Evolving from a patrician domus, the emperor's residence on the Palatine became the centre of the state administration. Elaborate ceremonial regulated access to the imperial family, creating a system of privilege which strengthened the centralised power. Constantine followed the same model in his new capital, under a Christian veneer. The divine attributes of the imperial office were refashioned, with the emperor as God's representative. The palace was an imitation of heaven.Following the loss of the empire in the West and the Near East, the Palace in Constantinople was preserved- subject to the transition from Late Antique to Mediaeval conditions - until the Fourth Crusade, attracting the attention of Visgothic, Lombard, Merovingian, Carolingian, Norman and Muslim rulers. Renaissance princes later drew inspiration for their residences directly from ancient ruins and Roman literature, but there was also contact with the Late Byzantine court. Finally, in the age of Absolutism the palace became again an instrument of power in vast centralised states, with renewed interest in Roman and Byzantine ceremonial.Spanning the broadest chronological and geographical limits of the Roman imperial tradition, from the Principate to the Ottoman empire, the papers in the volume treat various aspects of palace architecture, art and ceremonial.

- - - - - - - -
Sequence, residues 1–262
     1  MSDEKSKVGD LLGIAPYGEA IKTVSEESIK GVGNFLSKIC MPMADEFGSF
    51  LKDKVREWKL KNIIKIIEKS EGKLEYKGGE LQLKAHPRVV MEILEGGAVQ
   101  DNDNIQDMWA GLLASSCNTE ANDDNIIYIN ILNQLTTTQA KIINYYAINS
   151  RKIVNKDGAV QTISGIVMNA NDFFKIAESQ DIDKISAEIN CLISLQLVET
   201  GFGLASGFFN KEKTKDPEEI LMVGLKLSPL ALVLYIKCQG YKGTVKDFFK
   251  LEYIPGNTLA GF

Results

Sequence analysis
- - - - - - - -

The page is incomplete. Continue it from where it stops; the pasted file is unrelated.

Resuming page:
The Emperor's House
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